In reality the translation of religious texts has been a major cultural phenomenon in ancient and medieval times and has steadily increased through the present. The Bible, of course, is the most translated book in the history of the world ... The Bible was also the most widely translated book in the ancient world ... The earliest translation of the Qur'an appeared within a couple of centuries of Muhammad's death. By the tenth century there were extensive commentaries on the Qur'an in Arabic, Persian, and Turkish -- the three great cultural languages of medieval Islamic civilization. These included a word-for-word grammatical analysis of the Arabic text, thereby providing translations. In the Middle Ages there were numerous interlinear translations of the Qur'an. In addition, the Qur'an was translated by non-Muslims, largely for polemical purposes ... .This has the tone of an infomercial more than information, and there are problems with it. A commentary, even word-for-word, isn't a translation. Interlinear translations can be read, but they're probably not used in worship; they're meant for study, and like commentaries they are more likely to be used by professional students than ordinary laypeople. A good commentary, simply by detailing the manifold interpretations possible, will probably annoy most laypeople, who want to believe that the meaning of a text is accessible to honest common sense. (Similar difficulties attend the translation of the Hebrew Bible into modern languages: among Jews, translations weren't forbidden so much as discouraged in favor of studying the text in the original. That isn't a bad idea in any case. Seymour and Hamblin must be aware of the problems involved in translation of any text.) I don't know as much about the history of Islam or the Quran as I do about Christianity, but I'm suspicious of Hamblin's polemic here. He's comparing apples to oranges. He goes on to decry Hitchens's complaint that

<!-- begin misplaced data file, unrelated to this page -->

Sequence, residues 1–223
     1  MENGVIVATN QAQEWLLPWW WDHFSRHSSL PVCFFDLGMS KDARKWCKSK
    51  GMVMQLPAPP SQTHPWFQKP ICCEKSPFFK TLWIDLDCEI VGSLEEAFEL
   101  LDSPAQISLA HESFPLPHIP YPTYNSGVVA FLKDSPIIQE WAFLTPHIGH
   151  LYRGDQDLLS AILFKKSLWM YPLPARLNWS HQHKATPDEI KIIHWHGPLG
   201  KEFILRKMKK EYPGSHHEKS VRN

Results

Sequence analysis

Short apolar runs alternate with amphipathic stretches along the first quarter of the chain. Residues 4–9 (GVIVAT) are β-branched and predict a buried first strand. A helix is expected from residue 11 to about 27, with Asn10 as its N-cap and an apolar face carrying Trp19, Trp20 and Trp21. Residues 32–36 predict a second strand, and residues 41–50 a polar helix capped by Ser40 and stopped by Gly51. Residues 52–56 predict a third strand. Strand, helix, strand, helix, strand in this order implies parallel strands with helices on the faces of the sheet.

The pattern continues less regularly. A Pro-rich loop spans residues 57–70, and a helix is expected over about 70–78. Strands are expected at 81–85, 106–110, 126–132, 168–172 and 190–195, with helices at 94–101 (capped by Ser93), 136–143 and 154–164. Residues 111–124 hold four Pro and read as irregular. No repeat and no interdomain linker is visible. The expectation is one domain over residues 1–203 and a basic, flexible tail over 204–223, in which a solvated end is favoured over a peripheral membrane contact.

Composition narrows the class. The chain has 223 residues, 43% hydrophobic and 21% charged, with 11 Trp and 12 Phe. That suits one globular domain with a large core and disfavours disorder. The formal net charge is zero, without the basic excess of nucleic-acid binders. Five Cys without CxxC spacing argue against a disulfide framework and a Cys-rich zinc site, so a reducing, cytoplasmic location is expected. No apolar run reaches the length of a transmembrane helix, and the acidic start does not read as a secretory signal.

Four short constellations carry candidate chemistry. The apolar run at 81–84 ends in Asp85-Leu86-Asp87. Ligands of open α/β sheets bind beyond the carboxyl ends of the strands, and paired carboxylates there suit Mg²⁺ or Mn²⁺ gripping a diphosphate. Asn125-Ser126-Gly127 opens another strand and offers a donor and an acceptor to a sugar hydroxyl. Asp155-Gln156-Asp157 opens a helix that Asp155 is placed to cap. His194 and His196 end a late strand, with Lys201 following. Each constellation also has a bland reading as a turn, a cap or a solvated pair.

'devout men like Wycliffe, Coverdale, and Tyndale were burned alive for even attempting early translations' (p. 125) of the Bible into vernacular literature ... Far from being burned at the stake, John Wycliffe (1330-1384) died of natural causes while hearing Catholic mass in his parish church. Miles Coverdale likewise, died unburned in 1568 at the age of eighty-one. Of the three translators mentioned by Hitchens, only William Tyndale ... was burned at the stake. But Tyndale's execution in 1536 was as much for his opposition to Henry VIII's divorce -- entailing what was viewed as a treasonous rejection of the Succession Act -- as it was for his translation efforts [ibid].This is disingenuous to the point of dishonesty. Hitchens's turning Wycliffe and Coverdale into martyrs is inexcusable sloppiness, of course. As I've often said, if we atheists are going to criticize believers, we have to be more scrupulous about telling the truth. But Hamblin is guilty of distortion too. True, neither Wycliffe nor Coverdale were martyred for their translations, but Wycliffe was declared a heretic on multiple grounds. His body was exhumed and burned, and the Church attempted to destroy every copy of his translation they could find. (Minor detail: he suffered a fatal stroke while saying mass, not hearing it.)